Requirements:

– Ph.D. or equivalent degree in statistics, computer science, electrical engineering or a related field within the past 5 years.
– Experience developing novel statistical methods for analyzing large-scale datasets is required.
– Excellent communication skills in both spoken and written English are required.
– Excellent critical thinking and problem-solving abilities are required.
– U.S. permanent residency status or ability to obtain visa is required.
– Experience with discrete Bayesian modeling (e.g. topic modeling) is preferred.

Post-doctoral Associate

Posted July 16, 2019

We are seeking a post-doctoral fellow to work on a collaborative project between the Beane and Kolachalama labs.  The focus of the Beane lab is to develop and implement computational and statistical methodologies to analyze high-throughput genomic data to characterize the effects of tobacco smoke and their contribution to the pathogenesis of two smoking-related lung diseases. The focus of the Kolachalama lab is to develop machine learning and image processing techniques for pattern recognition and understanding pathophysiological mechanisms.  We are currently using genomic methods to understand the mechanisms underlying the development and progression of lung premalignant lesions via the “Pre-Cancer Genome Atlas” consortium funded by Stand Up 2 Cancer (SU2C) and the NCI Pre-Cancer Atlas Initiative.

The lab is seeking a post-doctoral fellow with a strong computational background and programming skills to work on a collaborative project with other faculty members in the section of Computational Biomedicine at Boston University School of Medicine.   The project involves developing deep learning algorithms to automate the pathological assessment of premalignant lesions using whole slide images.  The features can subsequently be correlated with multi-omic data being generated by the large consortia above.  The collaborative project will provide experience with a diverse number of faculty with expertise in genomics, machine learning, and image processing techniques as well as lung biology and pathology.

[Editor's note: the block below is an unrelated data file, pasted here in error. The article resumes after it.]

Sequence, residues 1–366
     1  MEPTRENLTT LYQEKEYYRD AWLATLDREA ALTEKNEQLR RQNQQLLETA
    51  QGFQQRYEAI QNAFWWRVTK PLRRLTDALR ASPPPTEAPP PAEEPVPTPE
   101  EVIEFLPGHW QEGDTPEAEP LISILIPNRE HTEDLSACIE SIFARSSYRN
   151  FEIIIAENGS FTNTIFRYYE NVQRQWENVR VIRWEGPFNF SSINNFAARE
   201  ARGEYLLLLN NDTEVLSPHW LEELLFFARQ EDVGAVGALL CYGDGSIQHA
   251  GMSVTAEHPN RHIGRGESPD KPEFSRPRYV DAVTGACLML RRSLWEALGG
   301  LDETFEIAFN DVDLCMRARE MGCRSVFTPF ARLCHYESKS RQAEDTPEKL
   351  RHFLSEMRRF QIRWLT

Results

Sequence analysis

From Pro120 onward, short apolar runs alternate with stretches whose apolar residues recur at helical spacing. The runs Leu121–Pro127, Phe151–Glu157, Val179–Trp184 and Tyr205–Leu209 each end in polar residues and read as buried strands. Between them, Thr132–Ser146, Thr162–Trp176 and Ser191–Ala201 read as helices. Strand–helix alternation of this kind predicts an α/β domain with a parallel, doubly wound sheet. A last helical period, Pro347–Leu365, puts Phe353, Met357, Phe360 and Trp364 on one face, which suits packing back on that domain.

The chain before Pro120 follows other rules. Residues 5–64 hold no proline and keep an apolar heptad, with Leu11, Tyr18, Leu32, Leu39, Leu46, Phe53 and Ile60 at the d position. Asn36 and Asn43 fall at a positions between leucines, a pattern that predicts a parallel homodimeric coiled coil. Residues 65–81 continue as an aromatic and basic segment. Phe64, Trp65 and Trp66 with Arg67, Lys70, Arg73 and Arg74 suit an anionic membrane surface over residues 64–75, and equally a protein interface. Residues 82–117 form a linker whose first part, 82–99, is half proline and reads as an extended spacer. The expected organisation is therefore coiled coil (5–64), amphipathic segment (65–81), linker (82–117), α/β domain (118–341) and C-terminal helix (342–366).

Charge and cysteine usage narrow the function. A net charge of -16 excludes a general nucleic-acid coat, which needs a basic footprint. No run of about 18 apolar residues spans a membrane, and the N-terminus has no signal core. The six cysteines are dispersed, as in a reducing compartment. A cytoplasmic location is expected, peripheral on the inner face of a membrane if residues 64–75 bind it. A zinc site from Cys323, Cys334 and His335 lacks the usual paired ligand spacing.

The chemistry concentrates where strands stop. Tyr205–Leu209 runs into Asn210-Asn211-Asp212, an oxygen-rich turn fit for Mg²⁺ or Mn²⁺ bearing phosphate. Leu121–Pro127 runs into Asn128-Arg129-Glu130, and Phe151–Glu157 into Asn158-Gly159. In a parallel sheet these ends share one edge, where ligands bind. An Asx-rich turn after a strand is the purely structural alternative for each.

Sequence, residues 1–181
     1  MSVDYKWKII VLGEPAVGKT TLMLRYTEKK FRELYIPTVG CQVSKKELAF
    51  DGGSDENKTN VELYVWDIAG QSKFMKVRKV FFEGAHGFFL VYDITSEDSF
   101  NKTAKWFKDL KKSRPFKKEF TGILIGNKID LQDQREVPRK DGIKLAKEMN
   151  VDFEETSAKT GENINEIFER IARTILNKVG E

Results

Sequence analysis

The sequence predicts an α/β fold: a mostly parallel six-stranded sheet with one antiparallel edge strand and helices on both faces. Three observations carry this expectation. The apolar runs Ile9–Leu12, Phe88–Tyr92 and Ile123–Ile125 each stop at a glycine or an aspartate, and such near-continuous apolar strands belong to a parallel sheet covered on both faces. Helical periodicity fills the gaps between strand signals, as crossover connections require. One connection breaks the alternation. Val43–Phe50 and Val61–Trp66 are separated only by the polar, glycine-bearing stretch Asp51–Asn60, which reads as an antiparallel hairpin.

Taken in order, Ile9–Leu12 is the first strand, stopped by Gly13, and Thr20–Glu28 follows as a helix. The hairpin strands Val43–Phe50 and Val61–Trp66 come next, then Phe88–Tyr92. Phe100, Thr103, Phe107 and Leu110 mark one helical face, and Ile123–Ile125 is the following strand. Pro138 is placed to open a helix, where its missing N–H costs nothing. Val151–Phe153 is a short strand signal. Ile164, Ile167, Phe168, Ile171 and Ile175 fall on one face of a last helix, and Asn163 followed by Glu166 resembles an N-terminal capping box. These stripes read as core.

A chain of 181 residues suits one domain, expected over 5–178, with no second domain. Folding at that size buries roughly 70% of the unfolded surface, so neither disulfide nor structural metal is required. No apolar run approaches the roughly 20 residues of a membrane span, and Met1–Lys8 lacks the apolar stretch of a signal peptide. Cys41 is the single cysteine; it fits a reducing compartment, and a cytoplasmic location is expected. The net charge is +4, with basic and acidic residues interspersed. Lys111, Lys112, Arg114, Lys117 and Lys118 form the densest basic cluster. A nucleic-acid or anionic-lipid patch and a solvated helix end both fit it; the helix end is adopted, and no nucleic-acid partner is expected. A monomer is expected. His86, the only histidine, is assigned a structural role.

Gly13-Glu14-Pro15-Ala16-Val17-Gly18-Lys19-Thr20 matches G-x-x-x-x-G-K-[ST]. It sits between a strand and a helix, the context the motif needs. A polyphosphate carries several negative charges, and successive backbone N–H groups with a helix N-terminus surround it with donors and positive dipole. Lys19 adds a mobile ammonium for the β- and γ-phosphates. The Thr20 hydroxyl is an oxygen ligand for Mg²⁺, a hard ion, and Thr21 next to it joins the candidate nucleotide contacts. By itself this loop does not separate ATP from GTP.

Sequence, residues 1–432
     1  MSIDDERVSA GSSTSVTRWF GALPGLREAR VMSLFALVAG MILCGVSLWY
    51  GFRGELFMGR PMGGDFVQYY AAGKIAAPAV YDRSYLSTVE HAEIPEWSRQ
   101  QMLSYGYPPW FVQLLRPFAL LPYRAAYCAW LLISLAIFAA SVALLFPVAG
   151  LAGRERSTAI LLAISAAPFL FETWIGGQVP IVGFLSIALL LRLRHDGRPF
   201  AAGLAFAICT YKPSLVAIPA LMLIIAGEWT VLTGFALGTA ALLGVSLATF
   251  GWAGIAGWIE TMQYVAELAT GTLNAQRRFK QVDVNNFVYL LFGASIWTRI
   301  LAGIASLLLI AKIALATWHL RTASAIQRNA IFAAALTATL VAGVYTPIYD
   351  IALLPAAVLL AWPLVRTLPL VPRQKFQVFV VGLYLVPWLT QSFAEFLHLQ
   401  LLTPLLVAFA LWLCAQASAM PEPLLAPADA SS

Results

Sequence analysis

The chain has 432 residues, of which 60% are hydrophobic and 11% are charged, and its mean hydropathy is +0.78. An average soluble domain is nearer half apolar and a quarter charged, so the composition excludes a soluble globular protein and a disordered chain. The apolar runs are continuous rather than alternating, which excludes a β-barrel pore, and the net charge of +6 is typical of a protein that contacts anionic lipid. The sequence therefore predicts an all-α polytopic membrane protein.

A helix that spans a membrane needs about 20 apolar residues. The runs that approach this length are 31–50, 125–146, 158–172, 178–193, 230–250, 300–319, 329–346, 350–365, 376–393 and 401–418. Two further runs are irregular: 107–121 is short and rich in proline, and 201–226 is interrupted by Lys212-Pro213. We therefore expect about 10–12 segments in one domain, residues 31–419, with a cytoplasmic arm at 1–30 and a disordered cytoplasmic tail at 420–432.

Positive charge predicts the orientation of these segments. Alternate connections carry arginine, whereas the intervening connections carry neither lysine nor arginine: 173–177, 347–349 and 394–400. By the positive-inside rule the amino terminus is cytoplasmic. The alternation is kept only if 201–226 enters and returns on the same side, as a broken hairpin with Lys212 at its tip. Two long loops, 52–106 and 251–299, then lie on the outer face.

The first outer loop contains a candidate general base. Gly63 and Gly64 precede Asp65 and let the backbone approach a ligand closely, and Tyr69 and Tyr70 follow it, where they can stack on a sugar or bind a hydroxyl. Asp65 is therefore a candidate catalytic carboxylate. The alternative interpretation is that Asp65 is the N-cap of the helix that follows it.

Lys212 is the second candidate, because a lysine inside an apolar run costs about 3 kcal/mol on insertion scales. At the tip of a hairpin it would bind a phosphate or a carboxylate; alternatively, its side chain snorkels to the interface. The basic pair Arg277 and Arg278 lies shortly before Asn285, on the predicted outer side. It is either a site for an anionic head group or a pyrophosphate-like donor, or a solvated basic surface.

The position is for 1 year with possible extension.  The candidate will have the opportunity to work with people from within BU and from these other institutions to expand your academic network. Training in grant writing will be provided by faculty and university-sponsored workshops. Independent fellowships will also be encouraged. Further information can be found at: www.bumc.bu.edu/compbiomed/.

Requirements:

– Ph.D. or equivalent degree in computational biology or computer science or a related field.
– Excellent communication skills in both spoken and written English are required.
– Excellent critical thinking and problem-solving abilities are required.
– Previous experience in using Python for machine learning would be preferable but not mandatory.

All resumes and cover letters should be directed to Jennifer Beane at: jbeane@bu.edu